Known for their colorful scenes of palm trees blowing in the Florida breeze and the beautiful landscapes of rural Florida, the Florida Highwaymen are a group of 26 self-taught African American landscape painters who played an essential role in depicting the state's landscape in the mid-20th century.
The group -- 25 men and one woman -- originated from the Fort Pierce area. Throughout their existence, they transcended racial boundaries, even selling artwork to many white customers during the Jim Crow era. Now, several of the group’s pieces will be on display at the Levis JCC Phyllis & Harvey Sandler Center in Boca Raton from Jan. 8 to Jan. 30.
Gary Monroe, the author of the book "The Highwaymen: Florida’s African American Landscape Painters,” joined Sundial to talk about the group’s unique painting style and their history. Monroe will give a special talk about the Florida Highwaymen at the opening of the exhibit on Jan. 6.
WLRN: Take us back to the origins of The Highwaymen. How did this group get their start?
MONROE: Spontaneous combustion. In the late 1950s, one of the painters, Alfred Hair, who was a dreamer (this is the height of Jim Crow Florida) decided he wanted to be a millionaire by his 35th birthday and do it through his artwork. He invited others to join him and by and large they just taught themselves to paint ... so they're sort of self-taught in the community. They made their oil paintings and took them on the road and had the audacity of hope in the 1960s to knock on strangers' doors, lawyers, doctors, accountants, the phone companies and the paintings just sold quickly. People love their imagery and there were sort of like trophies identifying why people make Florida home. They had a 20-year run in during which time they have sold by some estimates a quarter million oil paintings.
What was the landscape that they were capturing at the time?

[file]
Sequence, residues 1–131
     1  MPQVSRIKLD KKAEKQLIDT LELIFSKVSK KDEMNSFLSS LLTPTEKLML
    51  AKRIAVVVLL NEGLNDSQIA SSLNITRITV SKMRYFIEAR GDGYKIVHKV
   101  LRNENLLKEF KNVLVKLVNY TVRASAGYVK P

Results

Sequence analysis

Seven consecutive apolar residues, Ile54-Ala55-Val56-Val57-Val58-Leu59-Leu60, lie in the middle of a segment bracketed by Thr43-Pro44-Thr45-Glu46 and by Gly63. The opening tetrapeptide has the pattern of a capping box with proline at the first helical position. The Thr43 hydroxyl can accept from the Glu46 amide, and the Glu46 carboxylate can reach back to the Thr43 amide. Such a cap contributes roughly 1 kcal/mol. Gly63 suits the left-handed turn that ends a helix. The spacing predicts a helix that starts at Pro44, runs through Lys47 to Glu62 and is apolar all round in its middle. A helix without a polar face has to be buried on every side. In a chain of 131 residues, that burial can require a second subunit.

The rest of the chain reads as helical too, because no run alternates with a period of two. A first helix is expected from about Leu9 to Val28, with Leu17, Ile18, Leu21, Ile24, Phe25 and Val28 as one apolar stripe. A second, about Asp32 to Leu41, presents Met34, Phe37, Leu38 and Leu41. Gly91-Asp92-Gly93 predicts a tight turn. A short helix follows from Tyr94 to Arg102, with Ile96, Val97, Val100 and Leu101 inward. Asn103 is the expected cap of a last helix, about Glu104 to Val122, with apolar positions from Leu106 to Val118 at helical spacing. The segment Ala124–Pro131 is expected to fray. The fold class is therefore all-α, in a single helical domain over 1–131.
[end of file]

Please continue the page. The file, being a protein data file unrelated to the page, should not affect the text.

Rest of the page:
They were painting their environment. They were painting the South Florida coastal scenes, the backwater scenes... under beautiful light and with a very optimistic aura. It was post-war Florida, people were flocking here, it was a very optimistic time, and I think these paintings of natural Florida really appeal to our visceral selves. It was no wonder they sold like hotcakes at $25 a painting. And at the same time other professional painters were charging approximately $250 for their paintings, so at one-tenth the price there were very affordable to the masses.
Let's talk about ... Alfred Hair. Why was he revered as one of the most talented of the painters?
He was perhaps the most original. Alfred Hair was a dreamer, a complete optimist and charismatic. When I interviewed his fellow painters for the first book, guys in their 60s and 70s, they were getting teary eyed just remembering him. Alfred didn't want to be known as an artist. In fact, he went about corrupting all those cherished and romanticized landscape paintings. He just like wanted to make money.
So what Alfred did by charging one-tenth of what a painting would otherwise go for -- he had to paint really fast to make up for the shortfall of cash. So he would charge $25 per painting but he would make 10 paintings the same time it would take a professional artist to make one.